Years ago, I was sighting in a 12-gauge slug gun for a baited bear hunt. I wanted the gun zeroed at 50 yards, because I expected very close shots, but the sighting-in process was frustrating. I couldn’t get my elevation right—I dialed all the way to the end of the scope’s range, but I still wasn’t on target, and I had no adjustability left. What to do?
I took the gun to my local sporting goods store, and their solution was rudimentary but effective: They cut a thin slice of plastic sheeting and tucked it into the rear scope ring. This lifted the back of the scope up just a bit so it was tilted slightly forward on top of my gun. Now I could dial my elevation turret back to a more normal level, and I was able to sight in the gun the way I wanted it. The tilting of the scope increased my range of adjustability.
A canted rail has the same effect—it allows you to mount your riflescope at an angle relative to the bore of the gun, allowing you to get the full use of your scope’s adjustability range instead of only half. This is usually a factor at longer ranges beyond 500 yards (my slug gun was kind of a quirky exception).
The rest this explanation will make more sense if you read my article “Scope Adjustments Made Simple” first. The major points:
- Your scope’s erector tube holds the magnification lenses and the reticle.
- The erector tube is inside the scope’s main body tube—it’s a tube within a tube.
- You adjust your elevation by dialing your top turret in the direction you want the bullet to go. Bullet hitting low? Dial up, because you need the point of impact to come up.
- When you turn your elevation dial up, you’re bringing the crosshairs up by relieving spring pressure on that erector tube. The erector tube is physically moving up (and the reticle with it), and it can only move so far before it runs out of space. Moving the reticle up sounds counterintuitive, I know, but that’s how it works.
As an example, your scope might have 40 MOA of adjustment—20 MOA up and 20 MOA down. You’ll want to zero the gun at 100 yards in the center of that adjustment range, as this is where the optical image is clearest, but this means you can actually only use half of the range—the bottom half, to be specific. There’s really no circumstance where you’ll be dialing down more than a few clicks, since your bullet hits its target at 100 yards and under. You’ll only be dialing up, because as you shoot farther and farther past 100 yards, your bullet will drop more and more. To compensate, you’ll dial up, which is actually moving the crosshairs up. But you can only dial up 20 MOA. The 20 MOA you could dial down (but don’t need to) just sits there, unused.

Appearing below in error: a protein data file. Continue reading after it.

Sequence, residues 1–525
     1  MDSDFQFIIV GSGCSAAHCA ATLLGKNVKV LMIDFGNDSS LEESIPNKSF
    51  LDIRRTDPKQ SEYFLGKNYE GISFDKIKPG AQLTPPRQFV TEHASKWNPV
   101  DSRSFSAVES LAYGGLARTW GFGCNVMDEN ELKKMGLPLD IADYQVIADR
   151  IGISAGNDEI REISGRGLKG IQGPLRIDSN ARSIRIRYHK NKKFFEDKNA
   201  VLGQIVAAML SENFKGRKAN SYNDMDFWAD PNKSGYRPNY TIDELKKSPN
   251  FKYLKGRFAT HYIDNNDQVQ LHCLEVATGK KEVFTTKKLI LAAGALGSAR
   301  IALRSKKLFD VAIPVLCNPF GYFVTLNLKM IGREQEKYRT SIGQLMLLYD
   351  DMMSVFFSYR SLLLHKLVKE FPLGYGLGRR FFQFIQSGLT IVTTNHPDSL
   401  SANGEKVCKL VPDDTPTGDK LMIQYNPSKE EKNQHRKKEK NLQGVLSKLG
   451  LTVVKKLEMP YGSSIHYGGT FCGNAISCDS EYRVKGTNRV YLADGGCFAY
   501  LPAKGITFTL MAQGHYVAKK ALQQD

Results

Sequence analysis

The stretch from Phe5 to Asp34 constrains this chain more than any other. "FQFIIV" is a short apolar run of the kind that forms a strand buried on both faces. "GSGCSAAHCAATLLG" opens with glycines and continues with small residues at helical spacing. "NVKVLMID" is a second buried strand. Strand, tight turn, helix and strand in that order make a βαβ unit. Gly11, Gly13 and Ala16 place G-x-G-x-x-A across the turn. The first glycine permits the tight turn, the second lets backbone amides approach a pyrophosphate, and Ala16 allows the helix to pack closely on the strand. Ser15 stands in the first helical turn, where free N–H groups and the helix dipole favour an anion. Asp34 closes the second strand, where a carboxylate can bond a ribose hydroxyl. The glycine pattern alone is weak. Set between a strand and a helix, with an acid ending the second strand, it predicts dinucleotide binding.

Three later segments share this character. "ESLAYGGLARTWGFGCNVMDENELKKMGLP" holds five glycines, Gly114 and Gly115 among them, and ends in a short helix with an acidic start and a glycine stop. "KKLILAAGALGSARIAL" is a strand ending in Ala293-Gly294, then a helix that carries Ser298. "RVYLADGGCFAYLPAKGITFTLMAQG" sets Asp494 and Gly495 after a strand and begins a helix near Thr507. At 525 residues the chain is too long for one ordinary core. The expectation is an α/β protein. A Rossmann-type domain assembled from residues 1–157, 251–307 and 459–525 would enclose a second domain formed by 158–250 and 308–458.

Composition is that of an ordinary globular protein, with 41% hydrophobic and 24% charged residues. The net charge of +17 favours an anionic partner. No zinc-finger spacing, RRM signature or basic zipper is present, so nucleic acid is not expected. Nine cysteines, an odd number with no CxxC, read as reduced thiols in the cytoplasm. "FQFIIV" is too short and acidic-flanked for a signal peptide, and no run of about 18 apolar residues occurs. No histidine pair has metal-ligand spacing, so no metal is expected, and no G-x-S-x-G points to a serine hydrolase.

Image courtesy warnescopemounts.com
Just like the plastic shim in my rear scope ring, a canted rail lets you mount the scope pointed slightly downward on top of the rifle. This means the reticle will point lower than it did before by whatever the measurement on the rail is (20 MOA is common; this equates to about 20 inches at 100 yards). You now have to hold the rifle aimed 20 inches higher than you would with a non-canted rail just to get the reticle on the bull’s-eye at 100 yards.
Now you can zero your rifle at 100 yards right in the middle of the scope’s adjustment range, just like you did before. You still won’t have much reason to ever dial down, but because you started 20 MOA lower, you still have another 20 MOA you can dial up.
Do you need a canted rail? That depends on how much adjustability your scope has and how far you plan to shoot. Most hunters won’t need one. Shooters who prefer a ballistic reticle for holding over might not need one. Long-range shooters who plan to dial their elevation turret for every shot very well might, especially the farther out they plan to go. The litmus test is to sight in your rifle at 100 yards and see how much adjustability you needed to use in order to get on target. Now, check your ballistics app and see how much drop your bullet has at the farthest distance you ever plan to shoot. Can you dial your scope far enough to compensate for that drop? If not, you either need a different scope or—a much simpler solution—a canted rail that will give you the increased adjustability range you need. Even if you can dial far enough, if it gets you to the edge of the adjustability range, you’ll get a cleaner, clearer optical image when the erector tube is closer to the center of the adjustability range.
Bottom line: Under normal conditions, you’re only able to utilize one half of your scope’s vertical adjustability range. A canted rail allows you to increase the adjustability range by physically angling the scope on the gun. Long-range shooters who are using their elevation turrets to dial for distance might find this additional adjustability essential to seeing their target clearly and being able to hit it accurately and consistently.